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7. Companionship H. G. [Herbert George] Wells

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Table Of Contents: The Secret Places of the Heart

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"Why not? Nobody is doing anything with the world except muddle about. Why not give it a direction? "

"You'd take it in your hands like clay?"

"Obdurate clay with a sort of recalcitrant, unintelligent life of its own."

Her imagination glowed in her eyes and warmed her voice. "I believe what you say is possible. If people dare."

"I am tired of following little motives that are like flames that go out when you get to them. I am tired of seeing all the world doing the same. I am tired of a world in which there is nothing great but great disasters. Here is something mankind can attempt, that we can attempt."

"And will? "

"I believe that as Mankind grows up this is the business Man has to settle down to and will settle down to."

She considered that.

"I've been getting to believe something like this. But-- . . . it frightens me. I suppose most of us have this same sort of dread of taking too much upon ourselves."

"So we just live like pigs. Sensible little piggywiggys. I've got a Committee full of that sort of thing. We live like little modest pigs. And let the world go hang. And pride ourselves upon our freedom from the sin of presumption.

"Not quite that!"

"Well! How do you put it?"

"We are afraid," she said. "It's too vast. We want bright little lives of our own. "

"Exactly--sensible little piggy-wiggys."

"We have a right to life--and happiness.

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"First," said Sir Richmond, "as much right as a pig has to food. But whether we get life and happiness or fail to get them we human beings who have imaginations want something more nowadays. . . . Of course we want bright lives, of course we want happiness. Just as we want food, just as we want sleep. But when we have eaten, when we have slept, when we have jolly things about us--it is nothing. We have been made an exception of--and got our rations. The big thing confronts us still. It is vast, I agree, but vast as it is it is the thing we have to think about. I do not know why it should be so, but I am compelled by something in my nature to want to serve this idea of a new age for mankind. I want it as my culminating want. I want a world in order, a disciplined mankind going on to greater things. Don't you?"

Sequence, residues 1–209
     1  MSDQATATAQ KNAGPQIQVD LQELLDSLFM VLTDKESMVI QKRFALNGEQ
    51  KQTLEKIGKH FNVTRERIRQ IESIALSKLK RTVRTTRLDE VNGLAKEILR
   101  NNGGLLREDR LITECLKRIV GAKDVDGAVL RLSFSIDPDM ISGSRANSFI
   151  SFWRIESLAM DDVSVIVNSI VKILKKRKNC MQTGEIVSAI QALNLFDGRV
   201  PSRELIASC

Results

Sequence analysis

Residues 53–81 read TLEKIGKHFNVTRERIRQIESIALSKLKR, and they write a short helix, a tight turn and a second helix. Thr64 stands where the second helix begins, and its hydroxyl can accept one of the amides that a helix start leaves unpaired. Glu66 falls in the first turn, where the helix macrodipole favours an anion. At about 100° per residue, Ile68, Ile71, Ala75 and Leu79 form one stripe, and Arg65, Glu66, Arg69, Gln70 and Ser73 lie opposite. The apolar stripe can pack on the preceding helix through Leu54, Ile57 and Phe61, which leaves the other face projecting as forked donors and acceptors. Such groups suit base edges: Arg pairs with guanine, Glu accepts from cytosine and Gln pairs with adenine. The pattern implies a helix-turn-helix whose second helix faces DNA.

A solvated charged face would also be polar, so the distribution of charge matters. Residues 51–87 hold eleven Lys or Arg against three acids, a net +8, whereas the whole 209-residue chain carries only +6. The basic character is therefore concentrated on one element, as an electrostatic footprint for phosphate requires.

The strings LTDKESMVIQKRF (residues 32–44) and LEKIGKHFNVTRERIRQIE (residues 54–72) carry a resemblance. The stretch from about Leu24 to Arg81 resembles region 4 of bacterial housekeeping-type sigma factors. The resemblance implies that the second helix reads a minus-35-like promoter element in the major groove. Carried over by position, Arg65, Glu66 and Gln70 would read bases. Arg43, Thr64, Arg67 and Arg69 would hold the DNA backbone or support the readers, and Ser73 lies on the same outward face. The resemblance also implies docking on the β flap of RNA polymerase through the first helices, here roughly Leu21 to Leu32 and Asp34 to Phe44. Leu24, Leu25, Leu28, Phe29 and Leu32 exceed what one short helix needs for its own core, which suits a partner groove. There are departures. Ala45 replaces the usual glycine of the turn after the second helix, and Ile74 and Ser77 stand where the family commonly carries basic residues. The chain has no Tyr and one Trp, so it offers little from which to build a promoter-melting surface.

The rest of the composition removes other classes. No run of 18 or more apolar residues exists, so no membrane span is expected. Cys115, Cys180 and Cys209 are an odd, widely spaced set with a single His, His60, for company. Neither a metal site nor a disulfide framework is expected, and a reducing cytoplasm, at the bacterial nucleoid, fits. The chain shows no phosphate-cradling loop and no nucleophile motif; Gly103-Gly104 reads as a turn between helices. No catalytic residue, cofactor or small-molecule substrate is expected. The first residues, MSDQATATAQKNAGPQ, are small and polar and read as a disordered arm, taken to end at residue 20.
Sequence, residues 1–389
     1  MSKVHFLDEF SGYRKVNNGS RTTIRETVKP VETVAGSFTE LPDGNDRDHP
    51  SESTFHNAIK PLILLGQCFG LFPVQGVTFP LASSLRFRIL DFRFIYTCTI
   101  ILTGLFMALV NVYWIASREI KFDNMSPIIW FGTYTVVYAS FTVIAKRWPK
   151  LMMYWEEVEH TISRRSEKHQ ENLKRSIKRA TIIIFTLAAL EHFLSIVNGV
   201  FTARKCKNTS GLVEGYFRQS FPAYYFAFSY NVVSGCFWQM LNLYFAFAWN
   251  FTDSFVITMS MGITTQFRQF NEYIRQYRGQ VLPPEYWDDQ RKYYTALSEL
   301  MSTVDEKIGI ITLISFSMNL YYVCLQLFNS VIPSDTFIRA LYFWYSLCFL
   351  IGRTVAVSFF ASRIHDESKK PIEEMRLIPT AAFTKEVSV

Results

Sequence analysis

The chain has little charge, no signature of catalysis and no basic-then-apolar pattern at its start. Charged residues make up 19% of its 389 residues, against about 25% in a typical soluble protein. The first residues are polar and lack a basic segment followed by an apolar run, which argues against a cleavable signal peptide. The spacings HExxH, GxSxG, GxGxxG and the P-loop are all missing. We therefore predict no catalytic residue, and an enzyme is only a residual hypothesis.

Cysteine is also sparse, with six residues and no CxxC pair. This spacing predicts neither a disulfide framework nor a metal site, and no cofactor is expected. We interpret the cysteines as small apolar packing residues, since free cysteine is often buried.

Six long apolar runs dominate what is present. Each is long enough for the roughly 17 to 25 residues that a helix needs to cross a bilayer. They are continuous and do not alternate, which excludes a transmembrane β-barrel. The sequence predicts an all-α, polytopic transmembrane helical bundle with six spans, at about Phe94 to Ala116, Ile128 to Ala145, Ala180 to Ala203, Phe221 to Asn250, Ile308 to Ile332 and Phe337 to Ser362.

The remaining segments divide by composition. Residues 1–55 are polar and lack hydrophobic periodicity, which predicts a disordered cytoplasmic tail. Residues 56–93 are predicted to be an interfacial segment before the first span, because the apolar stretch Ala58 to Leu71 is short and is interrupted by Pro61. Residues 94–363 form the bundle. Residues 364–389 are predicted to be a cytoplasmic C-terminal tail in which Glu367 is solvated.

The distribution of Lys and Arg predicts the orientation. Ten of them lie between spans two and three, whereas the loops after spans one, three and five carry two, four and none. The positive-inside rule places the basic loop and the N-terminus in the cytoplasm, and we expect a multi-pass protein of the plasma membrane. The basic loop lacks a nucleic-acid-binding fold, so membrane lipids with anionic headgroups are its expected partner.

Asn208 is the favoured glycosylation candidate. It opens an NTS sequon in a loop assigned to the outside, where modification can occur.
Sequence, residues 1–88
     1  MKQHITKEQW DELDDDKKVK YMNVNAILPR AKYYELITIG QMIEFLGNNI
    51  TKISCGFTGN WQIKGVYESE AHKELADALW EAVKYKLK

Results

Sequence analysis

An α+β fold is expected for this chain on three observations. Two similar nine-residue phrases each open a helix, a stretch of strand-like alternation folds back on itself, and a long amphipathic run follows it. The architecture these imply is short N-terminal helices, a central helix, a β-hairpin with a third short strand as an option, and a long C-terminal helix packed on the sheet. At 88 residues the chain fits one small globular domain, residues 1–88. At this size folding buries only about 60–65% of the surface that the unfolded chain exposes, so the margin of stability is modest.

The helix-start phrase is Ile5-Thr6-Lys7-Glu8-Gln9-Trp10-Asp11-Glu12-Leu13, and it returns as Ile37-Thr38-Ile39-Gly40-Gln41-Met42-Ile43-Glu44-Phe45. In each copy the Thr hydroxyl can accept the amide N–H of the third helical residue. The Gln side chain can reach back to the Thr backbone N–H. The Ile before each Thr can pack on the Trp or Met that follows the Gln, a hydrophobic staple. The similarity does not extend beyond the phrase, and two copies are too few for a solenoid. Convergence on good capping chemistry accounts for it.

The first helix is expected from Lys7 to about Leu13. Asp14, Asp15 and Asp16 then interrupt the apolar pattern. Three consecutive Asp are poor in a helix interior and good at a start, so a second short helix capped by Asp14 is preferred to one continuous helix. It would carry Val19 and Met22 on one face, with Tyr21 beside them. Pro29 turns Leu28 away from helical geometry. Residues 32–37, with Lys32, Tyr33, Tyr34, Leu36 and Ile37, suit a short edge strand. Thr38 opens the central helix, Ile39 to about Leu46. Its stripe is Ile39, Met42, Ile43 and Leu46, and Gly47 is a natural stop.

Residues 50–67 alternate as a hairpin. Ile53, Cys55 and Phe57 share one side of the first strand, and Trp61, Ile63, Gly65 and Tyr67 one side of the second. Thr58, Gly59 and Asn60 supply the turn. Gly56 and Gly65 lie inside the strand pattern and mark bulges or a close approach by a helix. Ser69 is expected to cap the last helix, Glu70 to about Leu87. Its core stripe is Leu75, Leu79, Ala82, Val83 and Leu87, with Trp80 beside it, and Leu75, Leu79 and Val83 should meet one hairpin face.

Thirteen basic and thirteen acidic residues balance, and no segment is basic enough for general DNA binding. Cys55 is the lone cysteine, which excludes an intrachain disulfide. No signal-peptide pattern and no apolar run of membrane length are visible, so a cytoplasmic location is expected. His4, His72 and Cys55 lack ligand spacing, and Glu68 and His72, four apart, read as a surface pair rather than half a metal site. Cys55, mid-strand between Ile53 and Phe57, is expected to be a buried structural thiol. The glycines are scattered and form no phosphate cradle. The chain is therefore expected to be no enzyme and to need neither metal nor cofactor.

"Now you tell me of it," she said with a smile, "I do."

"But before--?"

"No. You've made it clear. It wasn't clear before."

"I've been talking of this sort of thing with my friend Dr. Martineau. And I've been thinking as well as talking. That perhaps is why I'm so clear and positive."

"I don't complain that you are clear and positive. I've been coming along the same way. . . . It's refreshing to meet you."

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The Secret Places of the Heart
H. G. [Herbert George] Wells

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